This George Romero classic is one of the first zombie films to make a splash in the industry. The characters in this film are in a fight for their lives.
8. The Blair Witch Project (1999)
This horror film masquerading as a documentary fooled many naïve audience members when it came out. It documents a camping trip gone awry.
9. The Strangers (2008)
This film is scary based on just one concept: the reason a couple is tortured for hours is simply because they happened to be home.
10. Halloween (1978)
The ultimate Halloween movie follows a teenage girl and her babysitting changes as they escape from a masked madman with a thirst for blood.
If you are looking for a kid friendly movie, there are plenty of choices to choose from. Some of our favorites include Hocus Pocus, Casper and The Nightmare Before Christmas. As you look for the perfect Halloween film to watch alone or at your holiday party, keep these movies in mind. Find all the fun Halloween decorations and collectibles you need for your Halloween celebrations like Halloween bowls for popcorn, pumpkin wine glasses and other decorations.
Thursday, October 3, 2013
• Candy Check - Most parents’ number one worry is that their child will be harmed by some psychopath putting razor blades in apples or cyanide in candy and handing it out to trick-or-treaters. While checking your child’s candy and discarding unwrapped items is a good idea, it’s not necessary to have your child’s haul x-rayed before allowing them to sample it. While these stories rise up like undead zombies every year, this should not be your greatest concern Halloween night.
• Running around the streets can be very dangerous for children. Automobile accidents are the leading cause of death in young people. When you are on your way out to go trick or treating, take sure your child is in an age-appropriate restraint, and make sure they are buckled in.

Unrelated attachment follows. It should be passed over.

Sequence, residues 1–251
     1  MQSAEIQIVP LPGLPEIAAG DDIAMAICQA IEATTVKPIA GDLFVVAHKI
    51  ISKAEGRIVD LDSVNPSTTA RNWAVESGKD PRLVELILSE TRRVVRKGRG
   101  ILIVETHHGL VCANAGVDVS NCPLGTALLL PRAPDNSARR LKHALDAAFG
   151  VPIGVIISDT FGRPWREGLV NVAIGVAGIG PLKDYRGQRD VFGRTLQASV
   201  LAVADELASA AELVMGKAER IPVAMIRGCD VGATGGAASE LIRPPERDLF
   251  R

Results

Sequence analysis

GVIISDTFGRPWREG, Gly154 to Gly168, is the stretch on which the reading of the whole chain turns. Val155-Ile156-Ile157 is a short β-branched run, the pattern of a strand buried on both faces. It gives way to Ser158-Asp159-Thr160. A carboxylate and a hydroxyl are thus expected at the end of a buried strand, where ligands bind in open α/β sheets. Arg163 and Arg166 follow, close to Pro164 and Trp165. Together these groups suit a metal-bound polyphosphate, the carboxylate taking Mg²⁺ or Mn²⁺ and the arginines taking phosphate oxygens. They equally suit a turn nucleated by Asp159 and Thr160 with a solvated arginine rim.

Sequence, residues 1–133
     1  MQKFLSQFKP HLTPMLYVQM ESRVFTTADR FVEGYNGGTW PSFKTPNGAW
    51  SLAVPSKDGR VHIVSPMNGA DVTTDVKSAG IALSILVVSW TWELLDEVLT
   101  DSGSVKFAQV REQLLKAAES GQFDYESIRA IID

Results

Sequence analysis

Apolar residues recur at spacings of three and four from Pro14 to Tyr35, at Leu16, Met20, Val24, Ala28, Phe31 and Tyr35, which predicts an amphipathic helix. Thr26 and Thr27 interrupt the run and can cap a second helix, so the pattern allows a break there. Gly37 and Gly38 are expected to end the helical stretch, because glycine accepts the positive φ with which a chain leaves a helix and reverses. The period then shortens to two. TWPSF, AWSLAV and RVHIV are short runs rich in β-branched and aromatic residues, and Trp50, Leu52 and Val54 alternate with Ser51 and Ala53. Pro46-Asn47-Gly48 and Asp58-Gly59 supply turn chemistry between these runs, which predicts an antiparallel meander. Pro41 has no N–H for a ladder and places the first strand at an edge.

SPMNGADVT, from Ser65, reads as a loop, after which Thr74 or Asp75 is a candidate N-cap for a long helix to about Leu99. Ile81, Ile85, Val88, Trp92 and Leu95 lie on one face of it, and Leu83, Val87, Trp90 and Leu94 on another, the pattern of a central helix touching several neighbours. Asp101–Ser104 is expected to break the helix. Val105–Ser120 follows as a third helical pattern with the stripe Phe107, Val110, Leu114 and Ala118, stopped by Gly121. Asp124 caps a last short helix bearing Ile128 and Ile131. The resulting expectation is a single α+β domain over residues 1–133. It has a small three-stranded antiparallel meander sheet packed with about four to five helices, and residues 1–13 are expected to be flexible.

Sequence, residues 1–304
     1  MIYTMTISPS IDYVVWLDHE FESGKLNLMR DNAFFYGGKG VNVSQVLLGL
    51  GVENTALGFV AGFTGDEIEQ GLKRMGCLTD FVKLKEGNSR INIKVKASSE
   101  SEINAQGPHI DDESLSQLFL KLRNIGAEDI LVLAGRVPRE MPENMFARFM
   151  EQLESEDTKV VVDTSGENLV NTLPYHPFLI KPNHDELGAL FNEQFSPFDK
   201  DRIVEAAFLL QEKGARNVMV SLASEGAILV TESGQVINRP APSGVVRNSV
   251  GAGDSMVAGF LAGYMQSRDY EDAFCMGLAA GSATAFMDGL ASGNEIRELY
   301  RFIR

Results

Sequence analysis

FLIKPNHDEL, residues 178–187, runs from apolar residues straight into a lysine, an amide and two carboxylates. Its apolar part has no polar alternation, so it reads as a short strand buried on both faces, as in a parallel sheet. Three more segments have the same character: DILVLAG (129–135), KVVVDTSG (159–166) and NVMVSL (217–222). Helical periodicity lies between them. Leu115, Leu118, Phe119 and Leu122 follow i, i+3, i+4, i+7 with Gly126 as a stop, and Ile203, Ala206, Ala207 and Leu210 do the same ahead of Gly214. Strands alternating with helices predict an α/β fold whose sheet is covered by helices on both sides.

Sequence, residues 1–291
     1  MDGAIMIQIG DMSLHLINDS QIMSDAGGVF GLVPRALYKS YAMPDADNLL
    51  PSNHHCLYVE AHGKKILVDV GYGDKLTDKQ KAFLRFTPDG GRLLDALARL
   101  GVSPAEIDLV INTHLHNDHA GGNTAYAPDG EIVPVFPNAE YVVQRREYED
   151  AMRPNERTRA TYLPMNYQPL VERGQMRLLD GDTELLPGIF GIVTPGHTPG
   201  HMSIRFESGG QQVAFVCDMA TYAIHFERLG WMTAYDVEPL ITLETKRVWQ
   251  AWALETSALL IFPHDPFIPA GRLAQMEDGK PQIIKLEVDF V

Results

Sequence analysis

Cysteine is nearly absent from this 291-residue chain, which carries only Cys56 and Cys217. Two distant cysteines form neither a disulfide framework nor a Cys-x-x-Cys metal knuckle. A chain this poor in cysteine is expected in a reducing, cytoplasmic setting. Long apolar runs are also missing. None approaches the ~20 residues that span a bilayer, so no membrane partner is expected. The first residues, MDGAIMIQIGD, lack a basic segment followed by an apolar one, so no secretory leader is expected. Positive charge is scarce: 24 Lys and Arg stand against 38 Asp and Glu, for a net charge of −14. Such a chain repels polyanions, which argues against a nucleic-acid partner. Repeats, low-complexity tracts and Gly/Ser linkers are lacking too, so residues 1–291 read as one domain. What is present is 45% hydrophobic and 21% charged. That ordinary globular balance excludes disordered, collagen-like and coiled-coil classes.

• The other automobile danger comes from all the cars driving kids around on Halloween night. Children can dart in between cars with no thought to safety. Make sure your kids can be seen. Reflective tape can be added to costumes. Glow in the dark paint can be used as well. Glowing fairy wings or skeleton bones really add to a costume. Watch out for kids jumping in front of your car. They may not have put on the paint or reflective tape.
• Stay in well-lit areas and go to well-lit houses. The porch or front light on is the universal sign that a house is open for trick-or-treat business. If the front light is turned off, then skip the house.
•Have a plan. Go to neighborhoods with plenty of lighting and children. If there are more children, there is less chance of having any problems and drivers will be paying more attention. Also, any mischievous children will be discouraged by large groups of people. Check out local businesses and civic organizations for places to trick or treat. There are haunted libraries and big box stores that hand out candy on Halloween.
We hope you gave a blast trick or treating this year. Check out our Halloween products at our store including trick or treating bags, candy bowls and other Halloween decorations.